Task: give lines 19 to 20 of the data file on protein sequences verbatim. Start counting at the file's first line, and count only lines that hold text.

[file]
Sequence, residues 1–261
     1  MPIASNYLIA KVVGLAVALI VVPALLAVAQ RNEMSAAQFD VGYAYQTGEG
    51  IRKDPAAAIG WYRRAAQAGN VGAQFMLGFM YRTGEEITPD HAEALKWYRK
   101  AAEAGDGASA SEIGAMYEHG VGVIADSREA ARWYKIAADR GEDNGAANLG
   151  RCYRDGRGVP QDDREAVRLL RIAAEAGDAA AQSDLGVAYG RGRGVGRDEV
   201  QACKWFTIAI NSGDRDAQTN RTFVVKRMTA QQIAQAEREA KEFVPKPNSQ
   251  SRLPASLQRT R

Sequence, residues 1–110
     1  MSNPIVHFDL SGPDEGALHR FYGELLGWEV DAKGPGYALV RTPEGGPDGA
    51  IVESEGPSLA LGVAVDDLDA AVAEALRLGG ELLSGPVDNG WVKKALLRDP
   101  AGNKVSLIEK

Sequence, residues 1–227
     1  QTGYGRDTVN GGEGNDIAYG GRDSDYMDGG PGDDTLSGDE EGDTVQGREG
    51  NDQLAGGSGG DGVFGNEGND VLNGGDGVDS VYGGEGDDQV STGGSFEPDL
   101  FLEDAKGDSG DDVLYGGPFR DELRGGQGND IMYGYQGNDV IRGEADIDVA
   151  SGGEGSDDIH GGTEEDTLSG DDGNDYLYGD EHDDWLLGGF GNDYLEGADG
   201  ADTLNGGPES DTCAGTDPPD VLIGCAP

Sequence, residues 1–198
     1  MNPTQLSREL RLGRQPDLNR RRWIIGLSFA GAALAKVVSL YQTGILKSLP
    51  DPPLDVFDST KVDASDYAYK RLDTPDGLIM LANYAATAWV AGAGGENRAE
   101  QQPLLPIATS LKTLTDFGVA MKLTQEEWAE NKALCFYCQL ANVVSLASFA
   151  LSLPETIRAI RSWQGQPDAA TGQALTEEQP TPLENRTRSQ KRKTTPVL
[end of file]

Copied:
     1  MNPTQLSREL RLGRQPDLNR RRWIIGLSFA GAALAKVVSL YQTGILKSLP
    51  DPPLDVFDST KVDASDYAYK RLDTPDGLIM LANYAATAWV AGAGGENRAE